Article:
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For Those Who Might Not Of Done Well In Jan/A-levels As a Whole

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    (Original post by Oh my Ms. Coffey)
    Yet I can almost pull off A grades in the hardest physics exams when true 'A grade students' are getting less then 20% in it.
    I don't understand your point?! I was not specifying the answer to anyone but to Brain Cox's place in Physics. And, if a 'true A grade student' is getting 20% in a physics exam, then they are not A grade students then. They are E grade or U grade. A grade is 80% in UMS. What does your grade have to do with my statement? Sorry for the ignorance.
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    (Original post by Awesomesauce)
    I don't understand your point?! I was not specifying the answer to anyone but to Brain Cox's place in Physics. And, if a 'true A grade student' is getting 20% in a physics exam, then they are not A grade students then. They are E grade or U grade. A grade is 80% in UMS. What does your grade have to do with my statement? Sorry for the ignorance.
    I was replying for something else, my bad.
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    (Original post by Oh my Ms. Coffey)
    Some people might of not done as well as they expected this January or are not coping with A-levels very well therefore might see continuing onwards a bit of a lost cause. Just because you dont get A's and B's in exams Is not the end of the world.

    This Is how my A-levels have panned out, hopefully some of you can take this in and realise that you are not stuckif you dont perform well at A-level and can still to go to a good university.

    My Background

    I go to a normal public school nothing special and my GCSE's were not amazing - enough to get me into sixth form. I was in a mixed ability class for maths mostly comprised of foundation borderline students, and top set science (Just).

    I originally picked AS Physics, Maths, Geography, Business.

    Maths/Physics I found very hard, the jump from GCSE was absolutely crazy and I quickly learn that the time I spent in the classroom at GCSE was useless and I had not covered any basic topics, I didnt know what a quadratic was, what lines were (like y=x) how to factorise ect and spent the first two months confused not understanding anything. Physics was just as bad and we were on a new syllabus to the teachers were learning at the same rate as the students were. Geography was not as bad considering I did not study it at GCSE I found this quite a nice break from my other subjects. Finally Business I did not get on with as it was long essay writing something I'm weak at and did not enjoy.

    Ultimately I did very badly on my exams especially the January ones. The second term exams I did better on but still no way near enough to progress onto A2 and salvage a decent grade so I had a dilemma decided resit the year or drop out. Honestly I could of dropped out at any time but my parents persuaded me to stay on.

    I found the lack of people in my year beneficial and allowed me to concentrate and understand my subjects. I rearranged what I was studying and did more A-levels over the 3 years but kept a manageable amount.

    Now part way through my A2 year I'm coming on increasingly stronger at both subjects (maths and physics) though still not at a high grade like A, but that was not expected of me.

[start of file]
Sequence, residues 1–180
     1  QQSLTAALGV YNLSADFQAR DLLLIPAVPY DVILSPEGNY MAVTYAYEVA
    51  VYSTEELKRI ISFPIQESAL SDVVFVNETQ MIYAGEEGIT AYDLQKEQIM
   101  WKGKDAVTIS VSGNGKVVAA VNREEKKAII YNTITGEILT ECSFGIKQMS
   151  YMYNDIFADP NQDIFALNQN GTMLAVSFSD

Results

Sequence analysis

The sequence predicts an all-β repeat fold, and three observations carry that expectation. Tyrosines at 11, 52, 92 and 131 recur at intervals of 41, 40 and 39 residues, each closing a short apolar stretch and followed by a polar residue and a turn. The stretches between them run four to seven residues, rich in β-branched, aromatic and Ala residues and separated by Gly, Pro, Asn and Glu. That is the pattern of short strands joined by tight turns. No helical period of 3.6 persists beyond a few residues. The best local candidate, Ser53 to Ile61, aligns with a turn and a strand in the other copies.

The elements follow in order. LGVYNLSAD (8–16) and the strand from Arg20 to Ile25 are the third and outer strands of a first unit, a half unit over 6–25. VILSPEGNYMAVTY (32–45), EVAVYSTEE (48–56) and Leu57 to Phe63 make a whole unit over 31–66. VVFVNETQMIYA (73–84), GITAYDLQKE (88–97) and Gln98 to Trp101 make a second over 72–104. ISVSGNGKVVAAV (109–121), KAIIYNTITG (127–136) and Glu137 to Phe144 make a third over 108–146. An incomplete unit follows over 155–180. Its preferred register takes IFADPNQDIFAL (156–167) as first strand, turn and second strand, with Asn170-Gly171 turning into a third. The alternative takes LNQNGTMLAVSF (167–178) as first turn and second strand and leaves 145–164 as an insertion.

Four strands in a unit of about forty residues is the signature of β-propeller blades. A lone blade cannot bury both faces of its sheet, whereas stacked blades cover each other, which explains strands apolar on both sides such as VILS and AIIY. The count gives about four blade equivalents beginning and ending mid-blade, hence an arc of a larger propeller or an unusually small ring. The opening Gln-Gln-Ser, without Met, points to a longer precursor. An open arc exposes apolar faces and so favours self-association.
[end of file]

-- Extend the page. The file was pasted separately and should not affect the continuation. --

Now I have made my university choices with my grades looking to be CCDBc I have opted to go for a foundation year in engineering at Loughborough university which i would of never dreamed about before though I could of gone for the main degree at Nottingham Trent if I didnt want to do a foundation year, there are plenty of decent universities to pick from.




    Before I get shot down for
    A) Doing a foundation year
    B) Resitting a year
    C) Not having A grades
    D) Not going to a top 10 university


    The point of this post was to emphasis that you dont need do well in your first set of exams to get where you want, if you put effort it you can get there it might just take a little longer.
    So, I might see you in September!
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    (Original post by Abused Tampon)
    http://www.guardian.co.uk/education/...gue-table-2012

    Ranked 9

    do you automatically get accepted at the uni you do a foundation year at once you have finished?
    the guardian base most of their rankings on student satisfaction...not on academic excellence, you want the times on the good university guide
    that having been said, loughborough is still a good uni
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    I've been in the same boat as a few of the posters in here.

    Made some mistakes, meh, they happen, I don't give a **** what the usual pretentious merchant bankers on this messageboard think about Foundation Degrees.

    I could have gone to any of my insurances, but, didn't really want to. So I dropped down to a Foundation Degree first.

    I do an extra year.

    Wow wee. I'm alive for 80.
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    Putting this back up for the worried people doing exams currently.
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    (Original post by mrengineer)
    I don't think Brian Cox is a particularly good physicist that produces world class research, he simply raises the publics interest through his TV shows. Only really popular because he is a physicist that doesn't look like a nerd. Whether he is good at maths or not doesn't make a difference as to whether he is good at connecting with people through TV.

    I don't get how your second point makes a difference...
    Sure the engineer could try as hard as he can, but 1 crucial mistake in calculations that doesn't get seen, and boom, bridge collapses, you're in a river.

    You need to have a good grasp of maths to become a good engineer.

    That ^ is absolute rubbish, and I'll prove it to you.

    My father is the lead Civil Engineer at the Victoria Station Upgrade on the London Underground - a role where he is the lead designer and overseer of the whole project - he hasn't got any A levels and he has very few O levels (GCSEs). He's also worked on the Channel Tunnel Rail Link, Crossrail, Kings Cross/St Pancras Upgrade work, he's worked as a technical designer for Arup..